Why Wendell Pierce Took On The Role Of Community Rebuilder
Wendell Pierce is perhaps best known for his acting roles on “The Wire” and “Treme.” Lately, he’s taken on a different kind of role, as community rebuilder. In the wake of Hurricane Katrina, Pierce invested time, money and art into to bringing back the neighborhood where he grew up. Ten years later, Jeffrey Brown accompanies Pierce for a look at his home that has not only survived but thrived.
GWEN IFILL: Now we look at one historic neighborhood before and after Katrina. It’s the home of actor Wendell Pierce, who tells his story in the forthcoming memoir “The Wind in the Reeds.”
Jeffrey Brown recently spent a day with Pierce in the neighborhood he grew up in, Pontchartrain Park, near the Gentilly district of New Orleans.
WENDELL PIERCE, Actor: I played on this golf course every day.
JEFFREY BROWN: You played…
WENDELL PIERCE: Football, tag.
WENDELL PIERCE: Everything but golf. And my game shows for that.
JEFFREY BROWN: A place for a child to play, for neighbors to enjoy green space and a sense of community. Can a golf course embody so much?
WENDELL PIERCE: I would hide in the bunker back here.
JEFFREY BROWN: Yes, says actor Wendell Pierce, that and much more.
WENDELL PIERCE: This is our anchor. This golf course is historic. It was the only place where black golfers could play. This was the epitome of what the civil rights movement was all about. This is hallowed ground.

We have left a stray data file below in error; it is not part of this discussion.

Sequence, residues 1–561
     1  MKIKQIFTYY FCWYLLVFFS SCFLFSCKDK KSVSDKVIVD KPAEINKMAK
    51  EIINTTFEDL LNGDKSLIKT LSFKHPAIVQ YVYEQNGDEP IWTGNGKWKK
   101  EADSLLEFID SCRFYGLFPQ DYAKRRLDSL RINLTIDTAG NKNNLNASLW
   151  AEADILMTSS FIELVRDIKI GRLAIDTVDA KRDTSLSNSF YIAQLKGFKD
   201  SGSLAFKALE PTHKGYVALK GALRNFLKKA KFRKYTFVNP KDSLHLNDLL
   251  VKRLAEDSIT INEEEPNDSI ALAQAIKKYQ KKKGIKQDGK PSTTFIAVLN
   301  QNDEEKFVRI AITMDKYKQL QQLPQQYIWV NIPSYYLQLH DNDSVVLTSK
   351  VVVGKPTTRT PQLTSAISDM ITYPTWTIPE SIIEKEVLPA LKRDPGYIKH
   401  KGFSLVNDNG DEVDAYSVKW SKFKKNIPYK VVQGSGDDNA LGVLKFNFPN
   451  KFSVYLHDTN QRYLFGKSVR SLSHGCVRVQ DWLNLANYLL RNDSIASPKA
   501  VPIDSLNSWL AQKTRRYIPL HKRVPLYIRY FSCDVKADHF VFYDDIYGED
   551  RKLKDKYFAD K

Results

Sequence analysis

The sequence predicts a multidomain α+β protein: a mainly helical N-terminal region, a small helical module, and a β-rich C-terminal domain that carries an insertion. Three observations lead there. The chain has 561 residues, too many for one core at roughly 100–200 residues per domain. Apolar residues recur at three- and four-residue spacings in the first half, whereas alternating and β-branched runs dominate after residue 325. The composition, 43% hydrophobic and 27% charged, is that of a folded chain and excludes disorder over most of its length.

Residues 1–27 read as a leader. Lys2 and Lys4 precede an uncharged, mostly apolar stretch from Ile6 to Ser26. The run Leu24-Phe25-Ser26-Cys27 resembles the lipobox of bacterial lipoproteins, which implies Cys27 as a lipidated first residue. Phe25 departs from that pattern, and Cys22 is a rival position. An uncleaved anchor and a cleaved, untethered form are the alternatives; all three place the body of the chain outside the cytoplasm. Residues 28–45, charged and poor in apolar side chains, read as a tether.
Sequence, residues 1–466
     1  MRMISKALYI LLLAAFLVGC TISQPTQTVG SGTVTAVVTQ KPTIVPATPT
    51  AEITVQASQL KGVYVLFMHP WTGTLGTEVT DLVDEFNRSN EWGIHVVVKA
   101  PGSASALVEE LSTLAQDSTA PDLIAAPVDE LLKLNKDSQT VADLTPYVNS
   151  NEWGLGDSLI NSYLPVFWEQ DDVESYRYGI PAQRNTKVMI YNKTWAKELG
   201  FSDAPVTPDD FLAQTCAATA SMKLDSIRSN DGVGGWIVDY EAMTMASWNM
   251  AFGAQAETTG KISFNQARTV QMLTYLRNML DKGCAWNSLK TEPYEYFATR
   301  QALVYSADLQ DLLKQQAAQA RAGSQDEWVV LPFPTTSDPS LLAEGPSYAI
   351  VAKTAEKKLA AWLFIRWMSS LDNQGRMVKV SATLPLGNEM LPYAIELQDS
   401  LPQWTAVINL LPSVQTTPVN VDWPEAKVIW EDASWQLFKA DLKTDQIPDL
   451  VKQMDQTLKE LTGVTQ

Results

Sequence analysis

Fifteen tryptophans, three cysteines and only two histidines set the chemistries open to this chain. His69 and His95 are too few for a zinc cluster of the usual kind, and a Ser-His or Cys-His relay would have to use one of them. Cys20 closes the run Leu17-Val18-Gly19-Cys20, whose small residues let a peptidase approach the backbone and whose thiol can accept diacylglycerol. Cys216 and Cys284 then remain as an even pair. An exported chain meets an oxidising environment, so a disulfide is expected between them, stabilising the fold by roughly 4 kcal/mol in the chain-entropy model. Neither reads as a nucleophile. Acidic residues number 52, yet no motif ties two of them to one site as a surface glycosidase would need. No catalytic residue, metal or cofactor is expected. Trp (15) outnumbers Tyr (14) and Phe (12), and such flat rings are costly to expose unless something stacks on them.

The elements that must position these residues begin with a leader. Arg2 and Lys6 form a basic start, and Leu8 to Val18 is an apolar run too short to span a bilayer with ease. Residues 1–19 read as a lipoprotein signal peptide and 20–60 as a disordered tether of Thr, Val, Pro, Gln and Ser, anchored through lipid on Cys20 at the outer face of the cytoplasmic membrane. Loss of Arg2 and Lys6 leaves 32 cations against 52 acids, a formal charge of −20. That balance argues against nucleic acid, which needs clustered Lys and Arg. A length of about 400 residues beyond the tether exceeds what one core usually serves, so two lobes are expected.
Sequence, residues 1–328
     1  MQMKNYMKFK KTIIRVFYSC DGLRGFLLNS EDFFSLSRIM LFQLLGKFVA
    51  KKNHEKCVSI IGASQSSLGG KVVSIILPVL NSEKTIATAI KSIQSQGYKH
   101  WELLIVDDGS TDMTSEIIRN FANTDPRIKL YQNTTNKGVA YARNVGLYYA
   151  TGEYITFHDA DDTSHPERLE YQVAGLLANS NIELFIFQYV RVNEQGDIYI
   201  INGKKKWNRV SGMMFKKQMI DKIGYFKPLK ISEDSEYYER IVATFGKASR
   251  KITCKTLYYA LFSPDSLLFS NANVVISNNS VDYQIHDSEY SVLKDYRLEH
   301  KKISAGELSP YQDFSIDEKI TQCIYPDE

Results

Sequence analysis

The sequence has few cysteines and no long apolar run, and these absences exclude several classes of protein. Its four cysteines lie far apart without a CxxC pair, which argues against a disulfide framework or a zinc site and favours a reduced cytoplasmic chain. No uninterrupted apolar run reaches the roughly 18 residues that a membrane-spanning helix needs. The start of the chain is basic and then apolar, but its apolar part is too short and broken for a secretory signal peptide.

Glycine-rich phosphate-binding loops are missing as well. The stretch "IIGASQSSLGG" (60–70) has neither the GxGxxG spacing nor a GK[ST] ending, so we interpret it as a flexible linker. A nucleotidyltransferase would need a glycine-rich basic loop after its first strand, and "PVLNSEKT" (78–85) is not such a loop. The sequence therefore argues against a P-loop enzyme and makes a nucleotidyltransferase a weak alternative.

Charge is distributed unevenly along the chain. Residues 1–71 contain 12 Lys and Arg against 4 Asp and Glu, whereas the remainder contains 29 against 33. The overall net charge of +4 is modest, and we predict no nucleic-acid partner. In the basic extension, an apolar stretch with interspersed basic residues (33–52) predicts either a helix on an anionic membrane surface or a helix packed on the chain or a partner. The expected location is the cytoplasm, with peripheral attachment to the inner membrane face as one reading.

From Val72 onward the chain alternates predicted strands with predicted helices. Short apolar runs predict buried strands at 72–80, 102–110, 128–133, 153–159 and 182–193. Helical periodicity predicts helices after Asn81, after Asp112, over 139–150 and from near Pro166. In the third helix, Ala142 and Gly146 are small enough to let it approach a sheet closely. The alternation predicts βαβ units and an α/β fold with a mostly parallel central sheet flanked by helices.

JEFFREY BROWN: The golf course is in the heart of Pontchartrain Park in an enclave built in the 1950s as a separate but equal suburban-style development for middle-class blacks.
WENDELL PIERCE: OK. Hear me out.
JEFFREY BROWN: Pierce, who trained at Juilliard, is best known as Detective Bunk Moreland from the HBO series “The Wire,” and then as a down-and-out musician in post-Katrina New Orleans in the TV series “Treme.”
WENDELL PIERCE: And these are our first two model homes.
JEFFREY BROWN: But perhaps the role he relishes the most these days is that of a community builder, or rebuilder, trying to bring back the neighborhood where he got his start.
Pierce’s parents, Amos, a janitor, and Althea, a schoolteacher, moved here in 1955 to provide a better life for their three sons.
WENDELL PIERCE: Listen, that is the heart and soul of the American dream, homeownership, the idea of being able to buy a house and start to build your family.
JEFFREY BROWN: It was a secure and happy home for the Pierces, until, with Katrina, it wasn’t as floodwaters rushed into Pontchartrain Park, damaging everything in their path. The family escaped in time. And three months later, Pierce returned with his elderly parents and took this home video.
WOMAN: We’re in my bedroom, what used to be my precious, gorgeous bedroom.
JEFFREY BROWN: Debris, mud, a life overturned; 90-year old Amos Pierce told us of that moment.
AMOS PIERCE, Father of Wendell Pierce: I started crying. My wife started crying. The water line was up about a half-a-foot from the ceiling.
WENDELL PIERCE: I saw not this elderly couple. I saw a young couple with all their hopes and dreams in 1955 buying a house, and seeing it — seeing all of their dreams destroyed.
JEFFREY BROWN: Wendell Pierce made a vow to rebuild, so his parents could return.